Jenique Dalcourt murder: police surprised by the decision of the Crown

lendemain-meurtre-jenique-dalcourt-octobreLongueuil The police were surprised to learn that the Crown refused to lay charges against the man they believe guilty of murdering Jenique Dalcourt and against which they had built a case for 13 months.

The boss of the police investigators recounted in La Presse that his troops had experienced it a “somewhat surprised” at the news Thursday.

“After a year of intense investigation, with a team of experienced investigators on file, which had accumulated considerable evidence, testimonies, we were at a stage where we had to drop the case, said Inspector Chef Jean-François Robert. We went all in. “The expertise abroad were even required.

Jean-François Robert added that he respects the decision of the Director of Criminal and Penal Prosecutions (DCPP).

The latter announced Thursday that the file submitted by the Police Service of Greater Longueuil (SPAL) “does not contain the essential elements sufficient to bring such accusations” of murder. Crown “does not seek a conviction at all costs and must avoid lay charges if the evidence is insufficient”.

The body of Jenique Dalcourt, 23, was found dead in a park in Longueuil October 2014. She was returning home after a day’s work.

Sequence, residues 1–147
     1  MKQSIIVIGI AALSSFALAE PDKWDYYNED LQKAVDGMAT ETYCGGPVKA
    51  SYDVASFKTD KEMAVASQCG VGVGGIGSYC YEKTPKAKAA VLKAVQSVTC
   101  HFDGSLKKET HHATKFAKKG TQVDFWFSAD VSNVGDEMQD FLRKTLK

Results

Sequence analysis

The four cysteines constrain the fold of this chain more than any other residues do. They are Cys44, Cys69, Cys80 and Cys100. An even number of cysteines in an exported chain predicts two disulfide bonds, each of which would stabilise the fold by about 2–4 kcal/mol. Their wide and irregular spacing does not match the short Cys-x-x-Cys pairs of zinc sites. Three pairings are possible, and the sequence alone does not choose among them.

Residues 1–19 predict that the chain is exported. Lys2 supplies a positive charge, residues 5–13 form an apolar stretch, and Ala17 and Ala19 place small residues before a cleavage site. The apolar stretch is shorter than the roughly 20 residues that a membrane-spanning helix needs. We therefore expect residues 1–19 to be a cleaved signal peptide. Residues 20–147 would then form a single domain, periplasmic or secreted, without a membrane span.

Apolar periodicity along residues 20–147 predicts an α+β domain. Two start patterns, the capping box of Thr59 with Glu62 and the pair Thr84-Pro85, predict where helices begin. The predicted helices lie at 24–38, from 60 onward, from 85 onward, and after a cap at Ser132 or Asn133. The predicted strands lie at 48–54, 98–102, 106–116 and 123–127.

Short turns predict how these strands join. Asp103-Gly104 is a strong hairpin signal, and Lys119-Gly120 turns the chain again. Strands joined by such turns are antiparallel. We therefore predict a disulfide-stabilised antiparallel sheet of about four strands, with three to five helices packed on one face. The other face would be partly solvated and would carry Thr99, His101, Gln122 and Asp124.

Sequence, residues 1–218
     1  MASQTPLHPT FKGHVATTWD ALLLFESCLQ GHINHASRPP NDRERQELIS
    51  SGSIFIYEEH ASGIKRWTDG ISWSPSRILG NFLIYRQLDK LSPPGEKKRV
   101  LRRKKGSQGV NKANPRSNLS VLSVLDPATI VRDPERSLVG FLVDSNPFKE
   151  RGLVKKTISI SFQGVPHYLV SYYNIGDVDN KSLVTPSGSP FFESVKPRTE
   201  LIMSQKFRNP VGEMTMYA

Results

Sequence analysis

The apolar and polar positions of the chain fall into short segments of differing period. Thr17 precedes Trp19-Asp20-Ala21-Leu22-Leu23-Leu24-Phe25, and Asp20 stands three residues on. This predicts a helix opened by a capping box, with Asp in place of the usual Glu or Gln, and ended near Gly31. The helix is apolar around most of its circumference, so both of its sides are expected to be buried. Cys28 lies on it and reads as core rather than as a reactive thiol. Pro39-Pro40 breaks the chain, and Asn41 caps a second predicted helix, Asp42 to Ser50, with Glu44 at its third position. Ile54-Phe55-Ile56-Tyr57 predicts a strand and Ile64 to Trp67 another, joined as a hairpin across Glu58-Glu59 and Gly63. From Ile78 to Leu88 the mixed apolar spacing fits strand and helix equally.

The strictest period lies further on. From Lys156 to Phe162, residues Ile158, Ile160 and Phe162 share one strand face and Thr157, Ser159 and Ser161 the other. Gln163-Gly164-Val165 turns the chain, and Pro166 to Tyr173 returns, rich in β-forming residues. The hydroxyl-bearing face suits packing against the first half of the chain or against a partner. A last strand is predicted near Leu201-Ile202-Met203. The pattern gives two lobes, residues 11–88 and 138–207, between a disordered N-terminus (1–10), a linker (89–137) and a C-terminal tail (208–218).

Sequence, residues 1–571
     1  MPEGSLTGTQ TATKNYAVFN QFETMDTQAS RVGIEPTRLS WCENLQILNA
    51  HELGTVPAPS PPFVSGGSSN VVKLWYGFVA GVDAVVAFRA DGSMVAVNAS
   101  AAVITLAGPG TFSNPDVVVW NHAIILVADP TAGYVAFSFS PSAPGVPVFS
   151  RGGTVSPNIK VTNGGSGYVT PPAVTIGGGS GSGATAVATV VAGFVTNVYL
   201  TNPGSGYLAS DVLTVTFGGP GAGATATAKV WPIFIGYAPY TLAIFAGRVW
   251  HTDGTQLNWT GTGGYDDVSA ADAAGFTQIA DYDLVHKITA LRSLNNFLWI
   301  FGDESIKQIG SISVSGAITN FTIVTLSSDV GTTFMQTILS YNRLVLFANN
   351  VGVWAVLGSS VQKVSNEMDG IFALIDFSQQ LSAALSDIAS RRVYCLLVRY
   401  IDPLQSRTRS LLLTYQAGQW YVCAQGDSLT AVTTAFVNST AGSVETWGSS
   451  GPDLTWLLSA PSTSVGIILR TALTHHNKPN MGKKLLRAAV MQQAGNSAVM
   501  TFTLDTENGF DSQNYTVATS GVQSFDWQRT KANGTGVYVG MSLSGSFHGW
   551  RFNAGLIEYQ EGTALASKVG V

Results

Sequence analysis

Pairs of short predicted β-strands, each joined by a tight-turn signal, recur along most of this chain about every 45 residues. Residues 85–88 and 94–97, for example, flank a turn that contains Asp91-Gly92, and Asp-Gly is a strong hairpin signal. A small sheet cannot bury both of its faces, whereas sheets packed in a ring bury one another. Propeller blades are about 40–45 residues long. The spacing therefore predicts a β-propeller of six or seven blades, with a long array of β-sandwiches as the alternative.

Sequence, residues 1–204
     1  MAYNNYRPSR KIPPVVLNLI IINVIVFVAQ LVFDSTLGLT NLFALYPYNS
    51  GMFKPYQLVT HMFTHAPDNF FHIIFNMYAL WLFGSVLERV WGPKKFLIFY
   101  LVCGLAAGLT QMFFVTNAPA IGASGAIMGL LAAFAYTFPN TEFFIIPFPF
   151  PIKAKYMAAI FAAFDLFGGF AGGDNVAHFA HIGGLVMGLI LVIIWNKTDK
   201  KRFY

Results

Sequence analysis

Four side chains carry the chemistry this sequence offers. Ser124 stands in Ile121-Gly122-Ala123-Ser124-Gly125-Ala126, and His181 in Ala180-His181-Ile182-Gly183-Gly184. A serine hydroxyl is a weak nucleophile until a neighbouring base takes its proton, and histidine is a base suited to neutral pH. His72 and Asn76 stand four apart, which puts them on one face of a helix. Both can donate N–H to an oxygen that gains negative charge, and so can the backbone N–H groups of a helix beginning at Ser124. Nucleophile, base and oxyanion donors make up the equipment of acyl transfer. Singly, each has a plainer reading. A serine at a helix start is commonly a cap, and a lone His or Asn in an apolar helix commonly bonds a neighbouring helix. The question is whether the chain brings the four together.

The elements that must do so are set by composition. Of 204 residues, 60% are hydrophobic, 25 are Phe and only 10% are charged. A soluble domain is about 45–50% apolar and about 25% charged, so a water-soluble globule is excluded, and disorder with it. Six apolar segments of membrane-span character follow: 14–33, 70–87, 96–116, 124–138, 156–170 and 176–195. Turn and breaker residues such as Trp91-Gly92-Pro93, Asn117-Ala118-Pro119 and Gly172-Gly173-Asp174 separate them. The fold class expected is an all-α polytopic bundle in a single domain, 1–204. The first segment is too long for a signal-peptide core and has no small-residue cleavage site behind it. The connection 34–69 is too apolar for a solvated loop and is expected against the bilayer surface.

According to information leaked, the young woman was beaten to death and abandoned near a bike path in poor lighting. The crime shocked by its violence and randomness.

One suspect

Since the beginning of the investigation, the evidence gathered by the SPAL point towards a single individual, confirmed Jean-François Robert yesterday. “All avenues have been analyzed lead us towards this individual, he has said. And it is against that person that the request for indictment was filed. ”

This person has moved since the facts, confirmed the policeman. But he would not say if she had left the province or the country.

Jean-François Robert also defended his troops face the revelations of La Presse for errors that would have marked the investigation since last fall: a poorly protected crime scene and an improvised double agent operation have hindered the investigation .

“The scene was not contaminated, the scene was not sloppy, assured Chief Inspector. Are we remake it differently? Possibly yes. In each investigation files we work, it improves. And it would be pretentious to say we will not change our ways. […] There is always room for improvement. ”

Yesterday, the bereaved family of Jenique Dalcourt remained silent.

The Stopru